The 'Godfather of AI' quit Google — and says he now regrets his role creating technology that poses a threat to humanity
- Geoffrey Hinton quit his job at Google and told The New York Times he regrets his role in pioneering AI.
- Hinton said he's worried the technology will disseminate false information and eliminate jobs.
After recently leaving behind his decade-long career at Google, Geoffrey Hinton, nicknamed "the Godfather of AI," told The New York Times he has regrets around the foundational role he played in developing the technology.
"I console myself with the normal excuse: If I hadn't done it, somebody else would have. It is hard to see how you can prevent the bad actors from using it for bad things," Hinton, who worked at Google for more than a decade, told the Times.
Hinton's departure from the company arrives at a time when the race to develop generative AI-powered products, like Google's Bard chatbot and OpenAI's ChatGPT, is heating up. Hinton, whose developments in the AI field decades ago helped pave the way for the creation of these chatbots, told the Times he's now concerned the tech could harm humanity.
He also voiced concern around the AI race currently underway among tech giants and questioned whether it was too far along to pump the brakes on.
On Monday, following the publication of his interview with The New York Times, Hinton tweeted that he left Google so he could "talk about the dangers of AI without considering how this impacts Google," adding that "Google has acted very responsibly."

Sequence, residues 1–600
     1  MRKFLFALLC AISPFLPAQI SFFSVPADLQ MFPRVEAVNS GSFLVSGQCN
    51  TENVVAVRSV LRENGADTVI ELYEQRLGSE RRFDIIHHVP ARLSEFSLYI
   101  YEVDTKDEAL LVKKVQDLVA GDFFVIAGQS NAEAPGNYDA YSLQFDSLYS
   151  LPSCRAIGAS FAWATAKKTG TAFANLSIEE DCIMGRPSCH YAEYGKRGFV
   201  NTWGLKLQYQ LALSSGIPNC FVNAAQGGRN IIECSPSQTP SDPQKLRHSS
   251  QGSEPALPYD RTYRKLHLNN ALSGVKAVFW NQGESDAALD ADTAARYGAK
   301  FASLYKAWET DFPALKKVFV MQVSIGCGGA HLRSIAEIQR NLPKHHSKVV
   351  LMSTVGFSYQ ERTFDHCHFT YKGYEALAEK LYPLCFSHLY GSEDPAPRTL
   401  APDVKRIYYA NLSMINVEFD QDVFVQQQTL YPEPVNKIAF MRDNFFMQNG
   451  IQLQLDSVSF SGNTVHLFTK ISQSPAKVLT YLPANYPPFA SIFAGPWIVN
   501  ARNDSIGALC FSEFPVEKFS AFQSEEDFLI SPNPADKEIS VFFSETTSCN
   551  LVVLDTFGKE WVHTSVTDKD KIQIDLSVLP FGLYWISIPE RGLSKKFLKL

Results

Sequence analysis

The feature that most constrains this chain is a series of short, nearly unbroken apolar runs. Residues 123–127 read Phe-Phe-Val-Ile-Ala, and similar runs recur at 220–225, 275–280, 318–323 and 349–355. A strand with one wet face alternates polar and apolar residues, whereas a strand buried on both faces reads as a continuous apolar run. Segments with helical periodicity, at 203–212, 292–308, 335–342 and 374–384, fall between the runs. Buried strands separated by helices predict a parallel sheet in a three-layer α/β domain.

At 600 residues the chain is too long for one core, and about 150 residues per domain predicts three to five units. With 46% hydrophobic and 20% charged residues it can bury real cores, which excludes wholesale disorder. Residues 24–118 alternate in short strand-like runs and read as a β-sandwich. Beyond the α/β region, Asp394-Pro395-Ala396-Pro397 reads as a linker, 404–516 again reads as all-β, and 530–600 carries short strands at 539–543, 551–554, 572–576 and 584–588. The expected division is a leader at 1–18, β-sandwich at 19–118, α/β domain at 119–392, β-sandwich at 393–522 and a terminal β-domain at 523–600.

"Geoff has made foundational breakthroughs in AI, and we appreciate his decade of contributions at Google," Jeff Dean, chief scientist at Google, said in a statement to Insider.
Hinton did immediately respond to Insider's request for additional comment ahead of publication.
Some Googlers are reportedly worried about the company's AI chatbot, Bard
While Hinton did not appear to single out Google in his overall critique of the AI landscape, other employees from Google have reportedly expressed concern about the company's AI chatbot.
After Google employees were tasked with testing the Bard chatbot, some employees said they thought the technology could be dangerous, as reported by Bloomberg. Employees who spoke with Bloomberg said they thought Google wasn't prioritizing AI ethics, and trying to develop the tech quickly to catch up to OpenAI's ChatGPT. Two employees tried to stop the company from releasing Bard, per previous reporting from the Times.
"We remain committed to a responsible approach to AI. We're continually learning to understand emerging risks while also innovating boldly," Dean said in a statement, and referred Insider to the companies AI Principles, and two blog posts from the company detailing how it is developing AI.
In his interview with the Times, Hinton said he's worried generative AI products will lead to the dissemination of fake information, photos, and videos across the internet — and the public will not be able to identify what is true or false.
Hinton also spoke about how AI technologies could eventually eliminate human labor, including paralegals, translators, and assistants. This is a concern that CEO of OpenAI Sam Altman, and other critics of the AI technology, have echoed.
In March, Goldman Sachs released a report that estimated 300 million full-time jobs could be "impacted" by AI systems like ChatGPT, namely legal and administrative workers, although the level of that impact could vary. Concern is also growing among software engineers who worry their jobs will be replaced by AI.
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